- Murtala/Obasanjo Era (1975-1979)
- The second republic Era (1979-1983)
- Buhari/Idiagbon Era (1983-1985)
- Babangida’s Era (1985-1993)
- Shonekan/Abacha’s Era (1993-1998)
- Abubakar Era (1998-1999)
BALEWA ERA (1960-1966)
- The government pursued the policy of non-alignment
- It was involved in the decolonization process in Africa
- The government recognized Africa as the center piece of Nigeria’s foreign policy
- It broke diplomatic ties with France over the testing of an atomic bomb in Sahara Desert
- It supported the expulsion of South Africa from the Common Wealth in 1961
GOWON ERA (1966-1975)
- Nigeria’s foreign policy shifted from the West to the East
- The administration applied the 3Rs (Reconciliation, Reconstruction and Rehabilitation) after the Civil War
- The administration accepted the principle of non interference in the sovereignty of African States
- It played a crucial role in the establishment of ECOWAS
MURTALA/OBASANJO ERA 91975-1979)
- This regime favoured decolonization and self determination of African States
- It gave its support to the struggle against apartheid policy in Africa
- The regime inaugurated a national agricultural programme called; Operation Feed the Nation (O.F.N.) in 1978.
SHAGARI ERA (1983-1985)
- The administration supported Zimbabwe’s independence
- This regime witnessed lack of dynamism and radicalism in Nigeria’s foreign policy
- The regime was involved in financial mismanagement of her economic resources.
- This regime expelled all the west Africans living illegally in the country.
- Relations with Britain was adversely affected during this regime.
- This administration maintained a strong anti-apartheid posture against South Africa
BABANGIDA ERA (1985-1993)
- This regime tried to bring Nigeria back to the fore front of international relation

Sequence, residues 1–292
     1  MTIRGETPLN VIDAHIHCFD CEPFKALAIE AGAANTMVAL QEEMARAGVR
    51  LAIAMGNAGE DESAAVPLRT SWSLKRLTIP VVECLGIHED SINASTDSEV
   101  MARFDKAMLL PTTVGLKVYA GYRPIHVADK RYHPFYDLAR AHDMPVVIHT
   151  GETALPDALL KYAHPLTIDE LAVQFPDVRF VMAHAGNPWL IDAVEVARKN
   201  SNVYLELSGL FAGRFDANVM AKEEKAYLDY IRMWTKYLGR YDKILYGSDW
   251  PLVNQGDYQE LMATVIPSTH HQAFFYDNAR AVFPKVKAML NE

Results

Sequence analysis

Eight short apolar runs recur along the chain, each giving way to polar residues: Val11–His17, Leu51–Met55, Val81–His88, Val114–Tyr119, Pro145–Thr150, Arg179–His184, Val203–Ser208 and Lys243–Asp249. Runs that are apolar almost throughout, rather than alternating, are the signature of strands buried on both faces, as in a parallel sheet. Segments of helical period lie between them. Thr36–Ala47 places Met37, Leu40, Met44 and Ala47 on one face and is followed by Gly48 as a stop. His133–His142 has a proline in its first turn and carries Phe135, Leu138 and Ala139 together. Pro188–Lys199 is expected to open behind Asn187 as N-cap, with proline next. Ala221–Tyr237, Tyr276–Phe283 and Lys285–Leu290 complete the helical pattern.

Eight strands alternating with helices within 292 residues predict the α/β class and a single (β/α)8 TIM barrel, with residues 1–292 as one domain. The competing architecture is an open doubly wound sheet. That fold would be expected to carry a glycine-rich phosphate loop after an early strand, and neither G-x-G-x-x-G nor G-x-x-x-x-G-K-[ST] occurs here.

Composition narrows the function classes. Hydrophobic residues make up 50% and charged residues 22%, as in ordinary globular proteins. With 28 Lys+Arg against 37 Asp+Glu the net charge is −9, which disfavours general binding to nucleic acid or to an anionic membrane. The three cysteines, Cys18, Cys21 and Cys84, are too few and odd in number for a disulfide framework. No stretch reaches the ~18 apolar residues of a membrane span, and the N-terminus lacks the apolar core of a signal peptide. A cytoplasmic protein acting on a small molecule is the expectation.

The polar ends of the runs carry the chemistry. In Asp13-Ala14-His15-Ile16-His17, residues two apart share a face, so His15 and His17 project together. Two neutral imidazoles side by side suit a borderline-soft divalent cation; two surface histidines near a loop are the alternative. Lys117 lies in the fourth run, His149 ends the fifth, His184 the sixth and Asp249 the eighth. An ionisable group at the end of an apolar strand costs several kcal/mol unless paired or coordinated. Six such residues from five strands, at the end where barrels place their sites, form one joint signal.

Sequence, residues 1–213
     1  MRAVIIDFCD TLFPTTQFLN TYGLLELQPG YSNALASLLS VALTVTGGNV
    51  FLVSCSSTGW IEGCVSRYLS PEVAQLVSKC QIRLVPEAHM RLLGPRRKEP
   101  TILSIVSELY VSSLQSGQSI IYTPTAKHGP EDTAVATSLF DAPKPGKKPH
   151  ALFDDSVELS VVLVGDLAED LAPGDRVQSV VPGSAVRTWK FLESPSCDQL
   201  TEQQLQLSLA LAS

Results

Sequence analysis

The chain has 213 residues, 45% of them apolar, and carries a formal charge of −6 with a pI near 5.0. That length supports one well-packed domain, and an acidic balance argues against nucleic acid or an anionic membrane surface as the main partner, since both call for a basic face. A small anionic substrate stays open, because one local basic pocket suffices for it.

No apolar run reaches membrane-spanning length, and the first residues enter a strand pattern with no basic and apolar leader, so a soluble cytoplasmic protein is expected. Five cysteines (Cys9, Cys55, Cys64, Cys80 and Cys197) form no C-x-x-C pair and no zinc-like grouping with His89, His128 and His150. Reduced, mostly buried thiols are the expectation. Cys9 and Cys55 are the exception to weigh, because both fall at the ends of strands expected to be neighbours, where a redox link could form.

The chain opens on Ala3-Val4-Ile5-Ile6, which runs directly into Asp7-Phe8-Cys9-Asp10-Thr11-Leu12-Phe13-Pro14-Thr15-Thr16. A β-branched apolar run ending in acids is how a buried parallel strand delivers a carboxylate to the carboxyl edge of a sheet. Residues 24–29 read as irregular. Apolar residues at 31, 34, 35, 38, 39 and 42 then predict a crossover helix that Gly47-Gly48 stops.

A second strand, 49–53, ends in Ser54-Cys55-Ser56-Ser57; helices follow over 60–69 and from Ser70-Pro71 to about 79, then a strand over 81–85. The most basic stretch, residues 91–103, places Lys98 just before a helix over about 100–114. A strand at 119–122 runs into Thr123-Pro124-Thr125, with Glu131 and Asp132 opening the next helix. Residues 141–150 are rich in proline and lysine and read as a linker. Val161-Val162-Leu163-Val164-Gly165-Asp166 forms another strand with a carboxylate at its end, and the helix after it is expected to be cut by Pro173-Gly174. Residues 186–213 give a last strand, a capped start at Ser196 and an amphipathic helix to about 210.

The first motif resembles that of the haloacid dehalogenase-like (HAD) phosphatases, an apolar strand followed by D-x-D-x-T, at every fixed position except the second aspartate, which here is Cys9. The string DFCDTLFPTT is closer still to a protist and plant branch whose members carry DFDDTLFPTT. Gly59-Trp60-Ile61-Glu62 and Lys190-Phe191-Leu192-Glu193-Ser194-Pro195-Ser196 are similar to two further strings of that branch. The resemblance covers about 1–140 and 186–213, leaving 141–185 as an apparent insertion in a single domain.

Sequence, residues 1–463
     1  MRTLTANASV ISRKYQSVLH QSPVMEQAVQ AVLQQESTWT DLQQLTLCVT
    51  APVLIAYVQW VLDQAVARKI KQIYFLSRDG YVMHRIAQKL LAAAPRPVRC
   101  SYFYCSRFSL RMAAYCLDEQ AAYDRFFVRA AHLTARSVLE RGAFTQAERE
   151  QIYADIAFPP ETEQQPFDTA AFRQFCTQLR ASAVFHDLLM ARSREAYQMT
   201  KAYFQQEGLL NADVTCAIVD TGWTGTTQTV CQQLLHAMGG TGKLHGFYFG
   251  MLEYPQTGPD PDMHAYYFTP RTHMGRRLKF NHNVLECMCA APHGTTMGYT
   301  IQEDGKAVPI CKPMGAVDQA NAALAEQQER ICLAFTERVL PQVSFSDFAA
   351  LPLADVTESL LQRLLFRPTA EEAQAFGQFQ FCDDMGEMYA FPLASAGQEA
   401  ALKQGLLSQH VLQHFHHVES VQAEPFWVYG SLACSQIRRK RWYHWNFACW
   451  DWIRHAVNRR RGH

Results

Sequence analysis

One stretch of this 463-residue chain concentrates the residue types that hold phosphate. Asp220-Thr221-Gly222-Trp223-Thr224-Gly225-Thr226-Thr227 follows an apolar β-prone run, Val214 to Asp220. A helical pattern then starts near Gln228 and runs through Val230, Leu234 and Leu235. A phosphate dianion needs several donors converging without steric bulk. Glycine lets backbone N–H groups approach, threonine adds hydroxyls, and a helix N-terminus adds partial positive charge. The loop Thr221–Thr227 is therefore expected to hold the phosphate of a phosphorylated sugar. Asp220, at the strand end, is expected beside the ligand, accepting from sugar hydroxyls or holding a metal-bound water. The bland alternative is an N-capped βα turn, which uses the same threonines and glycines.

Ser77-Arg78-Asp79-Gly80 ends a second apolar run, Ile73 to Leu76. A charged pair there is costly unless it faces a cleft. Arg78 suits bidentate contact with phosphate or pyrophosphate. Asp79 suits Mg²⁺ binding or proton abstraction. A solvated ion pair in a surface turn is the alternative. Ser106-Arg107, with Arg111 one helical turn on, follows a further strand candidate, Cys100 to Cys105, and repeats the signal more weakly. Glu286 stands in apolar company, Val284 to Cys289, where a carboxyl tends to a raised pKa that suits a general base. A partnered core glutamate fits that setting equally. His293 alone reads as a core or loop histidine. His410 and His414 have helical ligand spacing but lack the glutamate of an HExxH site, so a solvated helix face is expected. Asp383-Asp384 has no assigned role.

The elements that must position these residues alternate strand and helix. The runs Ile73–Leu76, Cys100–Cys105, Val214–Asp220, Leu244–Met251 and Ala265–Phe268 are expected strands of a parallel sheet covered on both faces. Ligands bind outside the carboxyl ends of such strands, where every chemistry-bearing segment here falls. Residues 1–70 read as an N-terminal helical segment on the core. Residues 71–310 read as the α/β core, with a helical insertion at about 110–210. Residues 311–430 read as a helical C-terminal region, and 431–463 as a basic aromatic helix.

- This regime launched a crusade against the dumping of toxic and retro-active waste in the continent
- It introduced economic diplomacy into Nigeria’s foreign policy.
- Nigeria was committed to a functional ECOWAS.
- Nigeria became very active in the area of conflict resolution and peace keeping. operation. This led to the establishment of ECOWAS Monitoring Group (ECOMOG)
- This administration helped in restoring peace in Liberia.
- The regime adopted the confrontational posture with the international community.
- The regime was accused of abuse of human rights and as a result Nigeria was
- suspended from the Common Wealth.
ABUBAKAR ERA (1998-1999)
- The policy of reconciliation was embarked upon by this administration
- Those who were imprisoned by Abacha regained their freedom, while a transition programme was announced and carefully implemented.
Examine Nigeria’s foreign policy under Gowon’s regime.
- State four demerits of interactions among nations
- Examine Nigeria’s foreign policy under Babangida’s regime
- What were the achievements made by Murtala/Obasanjo in Nigeria’s foreign policy?
Nigeria and the World
Essential Government by C.C. Dibie pages 223-227
Comprehensive Government by J.U. Anyaele pages 202-203
- The main target of Nigeria’s foreign policy is
(a) to fight other nations (b) to influence the policy of others (c) to oppress others
- Operation Feed the Nation was introduced during (a) Obasanjo (b) Gowon (c) Babangida
- How many years did Abacha spend in office as a head of state? (a) 9 (b) 5 (c) 6
- Which among the past military/civilian regime witnessed area boy diplomacy?
(a) Buhari (b) Babangida (c) Abacha
- Who introduced Structural Adjustment Programme (S.A.P.) in Nigeria?
(a) Babangida (b) Obasanjo (c) Buhari
- Examine Nigeria’s foreign policy under Abacha’s regime
Identify four advantages of interaction among nations